Perspective on so many things has changed since the pandemic arrived in America. Imagine asking anyone eight months ago what sort of catastrophe it would take to cancel the NCAA tournament, the Olympics and the Indianapolis 500. OK, the 500 was merely postponed.
What would you have guessed? Nuclear war might have been a popular answer. Maybe a global climate crisis as depicted in the movie “The Day After Tomorrow” would have ranked high on that list. If Hollywood did a sequel to that movie, even in the new ice age, the NFL would still be playing.
As we have slowly grown accustomed to this new version of normal, cherished things we have lost are causing our collective coping abilities to wear thin. My son told me in June that, if the NFL cancels its season, it will be his last straw. I don’t know what follows the last straw for him, but I know he isn’t alone. I’m with him.
The Colts season kicks off Sunday in Jacksonville. It is the debut of Philip Rivers as our starting quarterback. The 38-year-old free agent signed with us on March 21. Remember how difficult it seemed to have a player we comfortably disliked for most of the last 15 years now leading the team? I sure do. The move made sense on paper and still does, but, come on, I just didn’t think I could get excited about that guy.
Now I can!
I haven’t been this excited for an opener since Peyton Manning’s rookie year. I remember the start of that era. My family of University of Tennessee fans traveled north to join me for it. The rookie looked good (for a rookie) and threw for more than 300 yards, but the three interceptions against the Dan Marino-led Dolphins were too much for the Colts. It was the first of 13 losses for that team and our future hall of famer.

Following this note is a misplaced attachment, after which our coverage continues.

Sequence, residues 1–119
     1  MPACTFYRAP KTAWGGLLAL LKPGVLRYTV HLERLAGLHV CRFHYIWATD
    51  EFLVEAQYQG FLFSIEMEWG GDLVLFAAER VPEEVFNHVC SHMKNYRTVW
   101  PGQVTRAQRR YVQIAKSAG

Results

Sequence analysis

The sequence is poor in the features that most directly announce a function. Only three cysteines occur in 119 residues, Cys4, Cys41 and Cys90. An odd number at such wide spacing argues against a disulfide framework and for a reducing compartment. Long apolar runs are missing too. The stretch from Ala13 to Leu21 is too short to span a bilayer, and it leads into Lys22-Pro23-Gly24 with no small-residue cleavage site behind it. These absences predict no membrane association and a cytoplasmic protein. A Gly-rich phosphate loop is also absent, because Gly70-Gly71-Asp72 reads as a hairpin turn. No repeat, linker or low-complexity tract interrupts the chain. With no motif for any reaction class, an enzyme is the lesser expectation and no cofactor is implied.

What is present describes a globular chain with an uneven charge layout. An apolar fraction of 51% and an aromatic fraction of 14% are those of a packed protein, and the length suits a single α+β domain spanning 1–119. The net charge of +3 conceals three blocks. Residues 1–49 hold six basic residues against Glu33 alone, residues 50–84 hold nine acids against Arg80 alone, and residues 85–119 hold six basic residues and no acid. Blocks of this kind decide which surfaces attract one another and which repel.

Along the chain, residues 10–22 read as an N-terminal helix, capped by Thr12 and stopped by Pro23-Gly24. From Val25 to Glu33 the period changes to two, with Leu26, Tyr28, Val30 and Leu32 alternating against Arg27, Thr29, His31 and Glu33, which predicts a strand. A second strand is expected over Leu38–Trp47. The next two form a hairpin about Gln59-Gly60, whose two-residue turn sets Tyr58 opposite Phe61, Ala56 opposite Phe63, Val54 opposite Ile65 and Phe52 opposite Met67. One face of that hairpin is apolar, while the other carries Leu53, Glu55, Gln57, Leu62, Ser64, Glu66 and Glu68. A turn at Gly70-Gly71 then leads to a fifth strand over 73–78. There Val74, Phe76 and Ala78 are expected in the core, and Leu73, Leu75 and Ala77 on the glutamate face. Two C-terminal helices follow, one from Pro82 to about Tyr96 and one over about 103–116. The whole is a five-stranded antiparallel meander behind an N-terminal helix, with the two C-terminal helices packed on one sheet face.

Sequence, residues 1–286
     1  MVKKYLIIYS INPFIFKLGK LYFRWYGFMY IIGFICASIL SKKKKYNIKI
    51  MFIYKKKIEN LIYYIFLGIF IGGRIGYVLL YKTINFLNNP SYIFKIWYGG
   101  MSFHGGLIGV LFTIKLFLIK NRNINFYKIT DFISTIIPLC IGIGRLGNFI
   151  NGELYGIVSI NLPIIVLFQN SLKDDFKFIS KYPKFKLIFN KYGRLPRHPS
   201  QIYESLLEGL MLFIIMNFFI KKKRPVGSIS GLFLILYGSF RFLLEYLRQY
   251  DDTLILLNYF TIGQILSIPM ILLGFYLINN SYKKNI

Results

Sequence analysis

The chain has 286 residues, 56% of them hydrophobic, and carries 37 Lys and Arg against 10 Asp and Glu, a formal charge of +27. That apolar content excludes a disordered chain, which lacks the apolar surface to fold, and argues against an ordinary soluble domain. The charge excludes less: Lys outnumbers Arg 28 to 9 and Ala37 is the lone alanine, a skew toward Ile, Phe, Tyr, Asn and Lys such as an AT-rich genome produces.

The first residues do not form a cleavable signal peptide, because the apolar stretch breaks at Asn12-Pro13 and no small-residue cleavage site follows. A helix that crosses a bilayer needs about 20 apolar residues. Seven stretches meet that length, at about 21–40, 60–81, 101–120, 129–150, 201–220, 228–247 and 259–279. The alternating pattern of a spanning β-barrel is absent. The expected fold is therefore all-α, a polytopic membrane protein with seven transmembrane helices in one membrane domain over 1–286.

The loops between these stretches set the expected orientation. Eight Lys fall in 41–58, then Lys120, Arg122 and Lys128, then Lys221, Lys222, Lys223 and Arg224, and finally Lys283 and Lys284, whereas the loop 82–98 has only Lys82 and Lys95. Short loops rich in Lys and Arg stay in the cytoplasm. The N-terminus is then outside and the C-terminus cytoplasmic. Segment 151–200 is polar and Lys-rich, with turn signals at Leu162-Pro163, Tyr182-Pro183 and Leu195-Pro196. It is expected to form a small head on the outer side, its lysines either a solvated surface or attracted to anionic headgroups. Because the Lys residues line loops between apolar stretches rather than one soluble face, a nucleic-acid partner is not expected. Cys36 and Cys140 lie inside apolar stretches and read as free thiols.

There were Dolphins jerseys everywhere in the RCA Dome that day. That angering memory is still vivid. Colts fans had to see that nonsense every year until the NFL realigned the divisions in 2002, and we became the power of the new AFC South.
When the Colts come home next week to play the Vikings, another sad sight will appear. It will be empty seats. It isn’t safe to fill Lucas Oil Stadium right now, and the season tickets I planned to share this year were deferred. But that’s OK.
Watching the NFL on TV is better than in person, anyway. I have said it for years: I can’t wait to get home after a home game so I can turn on the highlights and find out what really happened.
The NFL has had all kinds of recent challenges. Remember when kneeling during the anthem was a big deal? That was so 2017. In 2020, the team from Washington, D.C., is now finally changing its name. Chronic traumatic encephalopathy that comes from the concussions is the real threat to the actual game. Keeping players safe is not and will not ever be easy. Pessimism abounds at the league’s ability to keep teams infection-free in this weird season. Getting through this safely is actually a tall order.
Indianapolis needs its Colts this year. And whether we win or lose, we need them healthy.
It has been a terrible year for all of us. Our community needs something for which we can collectively cheer. Football is that something, though it might be temporary. So, I am going to embrace every moment of it and never take it for granted again.
And for the record, Colts by seven on Sunday.•
Leppert is an author and governmental affairs consultant in Indianapolis. He writes at MichaelLeppert.com. Send comments to firstname.lastname@example.org.
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